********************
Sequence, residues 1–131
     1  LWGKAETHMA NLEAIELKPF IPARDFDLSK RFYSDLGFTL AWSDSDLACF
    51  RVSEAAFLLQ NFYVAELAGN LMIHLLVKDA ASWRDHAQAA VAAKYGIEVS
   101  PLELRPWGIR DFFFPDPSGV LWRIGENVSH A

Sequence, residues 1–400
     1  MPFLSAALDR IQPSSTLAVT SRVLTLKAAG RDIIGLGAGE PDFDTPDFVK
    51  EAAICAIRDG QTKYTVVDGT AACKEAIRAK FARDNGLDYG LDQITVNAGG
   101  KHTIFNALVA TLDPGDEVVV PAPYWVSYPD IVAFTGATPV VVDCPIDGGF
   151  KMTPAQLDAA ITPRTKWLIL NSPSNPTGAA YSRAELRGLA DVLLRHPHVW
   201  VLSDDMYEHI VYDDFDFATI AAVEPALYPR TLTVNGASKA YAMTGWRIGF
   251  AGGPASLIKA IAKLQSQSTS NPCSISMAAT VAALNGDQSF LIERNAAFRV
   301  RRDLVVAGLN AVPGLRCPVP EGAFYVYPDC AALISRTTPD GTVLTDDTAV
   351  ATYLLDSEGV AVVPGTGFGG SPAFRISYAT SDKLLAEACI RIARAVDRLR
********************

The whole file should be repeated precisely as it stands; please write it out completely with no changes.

Sequence, residues 1–131
     1  LWGKAETHMA NLEAIELKPF IPARDFDLSK RFYSDLGFTL AWSDSDLACF
    51  RVSEAAFLLQ NFYVAELAGN LMIHLLVKDA ASWRDHAQAA VAAKYGIEVS
   101  PLELRPWGIR DFFFPDPSGV LWRIGENVSH A

Sequence, residues 1–400
     1  MPFLSAALDR IQPSSTLAVT SRVLTLKAAG RDIIGLGAGE PDFDTPDFVK
    51  EAAICAIRDG QTKYTVVDGT AACKEAIRAK FARDNGLDYG LDQITVNAGG
   101  KHTIFNALVA TLDPGDEVVV PAPYWVSYPD IVAFTGATPV VVDCPIDGGF
   151  KMTPAQLDAA ITPRTKWLIL NSPSNPTGAA YSRAELRGLA DVLLRHPHVW
   201  VLSDDMYEHI VYDDFDFATI AAVEPALYPR TLTVNGASKA YAMTGWRIGF
   251  AGGPASLIKA IAKLQSQSTS NPCSISMAAT VAALNGDQSF LIERNAAFRV
   301  RRDLVVAGLN AVPGLRCPVP EGAFYVYPDC AALISRTTPD GTVLTDDTAV
   351  ATYLLDSEGV AVVPGTGFGG SPAFRISYAT SDKLLAEACI RIARAVDRLR